Sunday, 15 April 2012

Confused about OM

So how does this work... Brahman is the one non-dualistic basis of all existence. It is timeless, featureless and unchanging. Om is called Shabda Brahman - the representation of Brahman in sound. But OM is O-M, or even A-U-M. How can something with two, or even three parts represent the single Brahman?


  1. or four:
    'a', 'u', 'm' & '_' the silence.
    in one of the upanishads, i can't remember which one off the top of my head, there is a direct answer to your question. one way to think about it is that 'a' represents the waking state, 'u' the dreaming state, 'm' the deep sleep state and '_' the invariable illumining supreme consciousness which underlies the previous 3.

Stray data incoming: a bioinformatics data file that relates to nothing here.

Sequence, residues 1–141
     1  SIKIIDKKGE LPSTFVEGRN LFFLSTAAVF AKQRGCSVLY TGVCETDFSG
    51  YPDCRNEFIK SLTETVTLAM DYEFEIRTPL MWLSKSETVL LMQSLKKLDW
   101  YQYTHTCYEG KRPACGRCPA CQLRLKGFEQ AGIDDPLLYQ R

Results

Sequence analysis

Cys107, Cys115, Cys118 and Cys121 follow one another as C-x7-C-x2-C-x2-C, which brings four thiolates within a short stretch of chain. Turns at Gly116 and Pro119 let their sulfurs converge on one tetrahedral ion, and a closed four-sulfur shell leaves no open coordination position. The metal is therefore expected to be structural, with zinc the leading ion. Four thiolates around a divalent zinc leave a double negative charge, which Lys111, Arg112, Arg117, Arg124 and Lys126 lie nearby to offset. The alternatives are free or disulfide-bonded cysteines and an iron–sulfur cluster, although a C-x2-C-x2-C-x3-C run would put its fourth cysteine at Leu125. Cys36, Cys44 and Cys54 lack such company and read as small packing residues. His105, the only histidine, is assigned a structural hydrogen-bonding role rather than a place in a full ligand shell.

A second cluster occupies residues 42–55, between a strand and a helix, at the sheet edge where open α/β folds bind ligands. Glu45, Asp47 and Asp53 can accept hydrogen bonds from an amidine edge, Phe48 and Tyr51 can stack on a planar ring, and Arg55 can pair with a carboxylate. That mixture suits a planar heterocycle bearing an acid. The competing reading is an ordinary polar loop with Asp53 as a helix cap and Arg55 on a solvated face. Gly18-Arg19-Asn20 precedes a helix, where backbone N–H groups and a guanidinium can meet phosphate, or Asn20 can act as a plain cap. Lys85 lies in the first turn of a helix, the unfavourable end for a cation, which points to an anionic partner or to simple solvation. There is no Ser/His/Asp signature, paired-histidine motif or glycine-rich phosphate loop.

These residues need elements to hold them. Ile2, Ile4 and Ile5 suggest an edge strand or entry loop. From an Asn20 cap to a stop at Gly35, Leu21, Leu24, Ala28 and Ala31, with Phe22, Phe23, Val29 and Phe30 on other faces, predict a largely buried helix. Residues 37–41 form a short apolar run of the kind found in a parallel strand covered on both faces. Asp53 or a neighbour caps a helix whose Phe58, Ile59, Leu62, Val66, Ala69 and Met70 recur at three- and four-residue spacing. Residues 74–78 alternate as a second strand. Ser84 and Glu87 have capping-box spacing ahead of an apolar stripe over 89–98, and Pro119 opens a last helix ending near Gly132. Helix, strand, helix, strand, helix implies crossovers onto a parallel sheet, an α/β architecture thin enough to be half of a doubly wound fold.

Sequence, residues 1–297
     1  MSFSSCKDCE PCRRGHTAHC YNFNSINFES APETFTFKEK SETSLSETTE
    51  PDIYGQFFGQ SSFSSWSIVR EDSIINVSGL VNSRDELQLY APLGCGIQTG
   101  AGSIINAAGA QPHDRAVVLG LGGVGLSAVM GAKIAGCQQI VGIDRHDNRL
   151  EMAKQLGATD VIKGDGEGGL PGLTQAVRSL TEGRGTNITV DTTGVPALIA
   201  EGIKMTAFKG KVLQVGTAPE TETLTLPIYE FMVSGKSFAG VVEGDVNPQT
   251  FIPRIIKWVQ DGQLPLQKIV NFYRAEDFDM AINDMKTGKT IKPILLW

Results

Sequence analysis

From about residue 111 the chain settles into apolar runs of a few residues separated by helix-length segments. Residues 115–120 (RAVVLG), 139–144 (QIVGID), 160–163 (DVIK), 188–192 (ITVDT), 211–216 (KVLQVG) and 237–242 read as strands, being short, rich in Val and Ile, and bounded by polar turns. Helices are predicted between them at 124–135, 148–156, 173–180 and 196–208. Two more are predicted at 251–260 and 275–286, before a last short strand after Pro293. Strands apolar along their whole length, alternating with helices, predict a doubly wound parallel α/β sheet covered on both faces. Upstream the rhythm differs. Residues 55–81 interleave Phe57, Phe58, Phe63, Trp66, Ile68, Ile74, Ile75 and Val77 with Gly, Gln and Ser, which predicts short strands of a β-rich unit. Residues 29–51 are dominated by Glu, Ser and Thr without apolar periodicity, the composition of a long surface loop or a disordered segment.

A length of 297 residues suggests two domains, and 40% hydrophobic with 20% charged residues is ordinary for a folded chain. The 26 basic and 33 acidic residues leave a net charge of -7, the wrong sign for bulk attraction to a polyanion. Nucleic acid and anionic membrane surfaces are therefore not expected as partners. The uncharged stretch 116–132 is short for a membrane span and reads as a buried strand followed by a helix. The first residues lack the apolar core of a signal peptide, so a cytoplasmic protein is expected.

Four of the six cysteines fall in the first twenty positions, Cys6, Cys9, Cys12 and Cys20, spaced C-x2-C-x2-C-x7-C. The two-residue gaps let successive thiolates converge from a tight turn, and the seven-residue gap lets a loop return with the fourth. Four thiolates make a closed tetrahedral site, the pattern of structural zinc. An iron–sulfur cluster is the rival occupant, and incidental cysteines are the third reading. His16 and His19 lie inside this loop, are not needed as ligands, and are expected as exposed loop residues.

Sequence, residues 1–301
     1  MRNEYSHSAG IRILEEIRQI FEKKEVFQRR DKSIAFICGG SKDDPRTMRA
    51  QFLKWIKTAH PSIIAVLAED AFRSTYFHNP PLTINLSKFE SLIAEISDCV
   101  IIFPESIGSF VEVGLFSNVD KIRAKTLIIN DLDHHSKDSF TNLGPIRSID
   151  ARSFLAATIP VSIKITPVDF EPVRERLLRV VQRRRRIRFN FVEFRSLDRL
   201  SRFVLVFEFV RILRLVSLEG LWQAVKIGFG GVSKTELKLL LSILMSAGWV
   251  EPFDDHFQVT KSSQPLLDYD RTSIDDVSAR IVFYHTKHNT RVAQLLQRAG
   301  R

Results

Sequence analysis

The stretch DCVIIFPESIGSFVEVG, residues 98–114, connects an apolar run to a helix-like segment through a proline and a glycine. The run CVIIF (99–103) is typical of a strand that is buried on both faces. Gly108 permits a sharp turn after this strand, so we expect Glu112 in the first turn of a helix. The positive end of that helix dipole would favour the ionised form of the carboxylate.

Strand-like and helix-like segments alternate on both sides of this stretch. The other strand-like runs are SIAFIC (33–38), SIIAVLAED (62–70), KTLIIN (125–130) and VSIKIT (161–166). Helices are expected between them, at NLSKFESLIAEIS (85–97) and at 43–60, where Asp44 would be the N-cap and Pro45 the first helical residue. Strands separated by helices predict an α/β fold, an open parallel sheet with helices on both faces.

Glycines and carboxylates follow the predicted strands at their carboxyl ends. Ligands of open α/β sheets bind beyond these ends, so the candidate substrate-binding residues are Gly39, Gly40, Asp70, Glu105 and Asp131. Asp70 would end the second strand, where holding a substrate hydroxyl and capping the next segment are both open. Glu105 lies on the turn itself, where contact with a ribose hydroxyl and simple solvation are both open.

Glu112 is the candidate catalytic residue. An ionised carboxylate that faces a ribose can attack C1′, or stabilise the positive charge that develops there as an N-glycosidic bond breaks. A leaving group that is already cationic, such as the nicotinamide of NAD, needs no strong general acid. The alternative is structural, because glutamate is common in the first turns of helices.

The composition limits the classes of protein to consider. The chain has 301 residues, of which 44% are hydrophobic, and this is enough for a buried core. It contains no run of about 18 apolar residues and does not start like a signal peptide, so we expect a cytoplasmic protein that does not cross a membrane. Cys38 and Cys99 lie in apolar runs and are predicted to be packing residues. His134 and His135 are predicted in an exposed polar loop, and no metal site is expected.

aum shanti,

    sannyasi brhaspati

    1. Hari Om Brhaspati,
      Yes, I think it is Mandukya?
      It speaks a lot about the nature of OM (or AUM) and how the different aspects of OM relate to different aspects of Self etc.
      But I don't recall that it resolves the issue that Brahman is singular, featureless, unchanging and timeless, and yet OM is composed of two parts, and so is dualistic, has multiple features, and changes with time (O becomes M).
      Not that I mind.
      But it's something that just occurred to me to wonder why it is not a singular, unchanging sound such as 'O' that is Shabda Brahman...


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